Why Western Governors U thinks microcredentials are the path to degrees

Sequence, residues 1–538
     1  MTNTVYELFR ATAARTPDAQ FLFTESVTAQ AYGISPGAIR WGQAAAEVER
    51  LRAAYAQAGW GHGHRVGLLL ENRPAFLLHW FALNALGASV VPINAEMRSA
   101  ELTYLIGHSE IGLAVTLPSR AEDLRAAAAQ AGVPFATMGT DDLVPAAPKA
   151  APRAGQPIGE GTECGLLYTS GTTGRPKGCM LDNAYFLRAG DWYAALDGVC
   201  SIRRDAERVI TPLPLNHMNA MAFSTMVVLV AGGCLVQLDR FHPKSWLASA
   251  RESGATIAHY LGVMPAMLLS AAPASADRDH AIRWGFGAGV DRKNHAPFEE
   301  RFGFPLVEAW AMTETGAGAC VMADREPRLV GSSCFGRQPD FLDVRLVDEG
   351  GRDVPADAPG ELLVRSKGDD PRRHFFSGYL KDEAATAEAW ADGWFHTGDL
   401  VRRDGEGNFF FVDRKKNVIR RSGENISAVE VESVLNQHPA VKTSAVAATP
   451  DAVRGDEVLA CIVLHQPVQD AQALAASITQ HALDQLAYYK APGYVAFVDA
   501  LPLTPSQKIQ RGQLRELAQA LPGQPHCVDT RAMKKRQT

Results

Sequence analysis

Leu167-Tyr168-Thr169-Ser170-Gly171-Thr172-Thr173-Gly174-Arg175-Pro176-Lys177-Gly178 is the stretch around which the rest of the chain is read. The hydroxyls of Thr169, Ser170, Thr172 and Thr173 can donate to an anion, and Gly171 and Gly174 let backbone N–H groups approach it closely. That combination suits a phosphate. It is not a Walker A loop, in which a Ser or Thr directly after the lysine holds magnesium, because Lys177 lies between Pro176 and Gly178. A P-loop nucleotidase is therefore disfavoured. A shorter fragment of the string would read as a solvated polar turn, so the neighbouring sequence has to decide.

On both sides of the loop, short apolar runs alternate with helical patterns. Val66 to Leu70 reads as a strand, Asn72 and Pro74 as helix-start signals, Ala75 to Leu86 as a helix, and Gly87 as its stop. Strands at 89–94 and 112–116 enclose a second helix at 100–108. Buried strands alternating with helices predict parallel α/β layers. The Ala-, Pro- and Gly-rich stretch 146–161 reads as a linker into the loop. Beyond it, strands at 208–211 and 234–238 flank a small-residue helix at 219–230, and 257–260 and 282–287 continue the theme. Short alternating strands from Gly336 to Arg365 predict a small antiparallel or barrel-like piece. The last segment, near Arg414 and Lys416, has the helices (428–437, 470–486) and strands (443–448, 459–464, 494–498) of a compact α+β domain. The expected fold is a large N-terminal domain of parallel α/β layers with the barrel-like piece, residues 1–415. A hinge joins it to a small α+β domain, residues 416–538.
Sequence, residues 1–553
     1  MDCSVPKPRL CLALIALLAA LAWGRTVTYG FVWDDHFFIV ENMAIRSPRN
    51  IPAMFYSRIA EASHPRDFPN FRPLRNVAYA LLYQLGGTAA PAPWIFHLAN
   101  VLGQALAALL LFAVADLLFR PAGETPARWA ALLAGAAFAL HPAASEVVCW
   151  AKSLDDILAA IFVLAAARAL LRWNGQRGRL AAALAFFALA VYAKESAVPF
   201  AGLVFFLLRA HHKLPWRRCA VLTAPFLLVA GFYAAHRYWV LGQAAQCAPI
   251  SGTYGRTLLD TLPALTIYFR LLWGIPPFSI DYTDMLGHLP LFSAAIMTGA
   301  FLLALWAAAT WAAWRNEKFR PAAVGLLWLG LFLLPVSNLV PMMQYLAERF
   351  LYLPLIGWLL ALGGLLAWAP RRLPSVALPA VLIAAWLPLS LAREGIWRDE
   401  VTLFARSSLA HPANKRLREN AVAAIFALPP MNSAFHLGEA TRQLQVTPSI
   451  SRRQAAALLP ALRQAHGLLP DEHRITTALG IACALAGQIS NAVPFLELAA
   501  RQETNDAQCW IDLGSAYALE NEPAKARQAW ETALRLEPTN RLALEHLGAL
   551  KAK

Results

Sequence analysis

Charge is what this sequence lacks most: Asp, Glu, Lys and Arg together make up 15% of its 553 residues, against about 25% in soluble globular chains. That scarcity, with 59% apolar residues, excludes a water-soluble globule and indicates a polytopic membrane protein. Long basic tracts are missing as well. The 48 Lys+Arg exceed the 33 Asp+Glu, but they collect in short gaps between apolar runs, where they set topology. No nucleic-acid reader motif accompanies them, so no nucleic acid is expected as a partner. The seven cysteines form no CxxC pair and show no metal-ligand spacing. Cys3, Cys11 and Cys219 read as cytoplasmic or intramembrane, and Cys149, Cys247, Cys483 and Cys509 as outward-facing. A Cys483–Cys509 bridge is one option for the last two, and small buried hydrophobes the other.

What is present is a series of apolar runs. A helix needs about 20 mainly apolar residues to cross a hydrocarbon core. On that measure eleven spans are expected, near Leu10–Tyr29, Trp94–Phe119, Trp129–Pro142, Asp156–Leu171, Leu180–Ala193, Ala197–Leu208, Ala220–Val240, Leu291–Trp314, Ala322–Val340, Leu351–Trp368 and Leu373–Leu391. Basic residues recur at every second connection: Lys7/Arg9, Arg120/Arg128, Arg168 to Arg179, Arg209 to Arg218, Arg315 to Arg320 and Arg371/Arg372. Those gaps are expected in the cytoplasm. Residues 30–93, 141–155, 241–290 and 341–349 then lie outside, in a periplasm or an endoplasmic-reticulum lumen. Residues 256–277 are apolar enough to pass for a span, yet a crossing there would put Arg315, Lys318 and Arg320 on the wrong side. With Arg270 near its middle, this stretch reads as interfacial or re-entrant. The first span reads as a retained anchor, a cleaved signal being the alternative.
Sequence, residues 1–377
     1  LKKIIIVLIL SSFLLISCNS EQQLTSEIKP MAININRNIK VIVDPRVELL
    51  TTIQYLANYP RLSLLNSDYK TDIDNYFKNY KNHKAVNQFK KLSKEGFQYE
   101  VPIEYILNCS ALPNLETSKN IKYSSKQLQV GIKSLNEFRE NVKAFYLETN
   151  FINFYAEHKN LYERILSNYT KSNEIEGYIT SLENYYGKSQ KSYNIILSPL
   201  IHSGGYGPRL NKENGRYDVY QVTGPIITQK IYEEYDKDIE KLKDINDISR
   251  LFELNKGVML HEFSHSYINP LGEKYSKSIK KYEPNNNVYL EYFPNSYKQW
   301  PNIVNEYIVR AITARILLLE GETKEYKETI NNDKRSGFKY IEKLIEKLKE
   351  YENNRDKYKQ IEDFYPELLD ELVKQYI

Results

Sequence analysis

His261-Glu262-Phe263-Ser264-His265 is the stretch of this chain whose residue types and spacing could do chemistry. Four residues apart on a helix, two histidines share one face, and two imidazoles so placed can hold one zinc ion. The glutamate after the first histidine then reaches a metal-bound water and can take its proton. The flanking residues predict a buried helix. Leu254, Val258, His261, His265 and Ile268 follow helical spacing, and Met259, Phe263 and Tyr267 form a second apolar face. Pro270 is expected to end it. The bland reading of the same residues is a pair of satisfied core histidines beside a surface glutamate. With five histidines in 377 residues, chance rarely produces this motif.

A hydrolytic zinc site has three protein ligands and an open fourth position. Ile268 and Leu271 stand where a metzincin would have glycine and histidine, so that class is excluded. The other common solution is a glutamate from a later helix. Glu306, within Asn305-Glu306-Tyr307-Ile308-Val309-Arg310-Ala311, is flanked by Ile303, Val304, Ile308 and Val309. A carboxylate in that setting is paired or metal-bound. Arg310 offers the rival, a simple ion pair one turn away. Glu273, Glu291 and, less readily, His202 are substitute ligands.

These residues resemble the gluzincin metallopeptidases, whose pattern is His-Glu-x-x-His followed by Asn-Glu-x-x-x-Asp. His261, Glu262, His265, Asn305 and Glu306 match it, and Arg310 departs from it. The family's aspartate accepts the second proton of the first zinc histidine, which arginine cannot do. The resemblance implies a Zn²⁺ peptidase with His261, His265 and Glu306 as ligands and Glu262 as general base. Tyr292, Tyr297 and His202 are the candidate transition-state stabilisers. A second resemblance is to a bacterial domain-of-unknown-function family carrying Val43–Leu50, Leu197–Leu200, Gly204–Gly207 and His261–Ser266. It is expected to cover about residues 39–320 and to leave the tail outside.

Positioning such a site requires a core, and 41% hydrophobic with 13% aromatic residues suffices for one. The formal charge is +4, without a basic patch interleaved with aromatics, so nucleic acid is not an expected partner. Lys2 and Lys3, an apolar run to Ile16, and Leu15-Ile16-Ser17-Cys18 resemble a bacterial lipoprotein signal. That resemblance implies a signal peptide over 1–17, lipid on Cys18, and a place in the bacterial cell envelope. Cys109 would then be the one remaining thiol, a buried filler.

Projections that the pool of traditional students will shrink, wariness of continued tuition increases and limited growth in state support for higher education are prompting institutions to shake things up. In many cases, that means making themselves available throughout learners’ lives as their education needs change. Doing so requires strengthening connections with local employers. Already, colleges and businesses are coming together to map the skills needed on the job to those offered in a certificate or degree, and some are even developing shared credentials. Western Governors University, which targets working adults with degrees in fields with clear connections to the job market including business, health and nursing, information technology and teaching, is known for its relationship with the workforce. To talk more about how it is approaching nondegree credentials, unbundling degrees and other components of lifelong learning, as well as what it learned from a recent audit by the U.S. Department of Education’s Office of Inspector General (OIG), Education Dive spoke with Western Governors President Scott Pulsipher at our office in Washington, D.C., last week.

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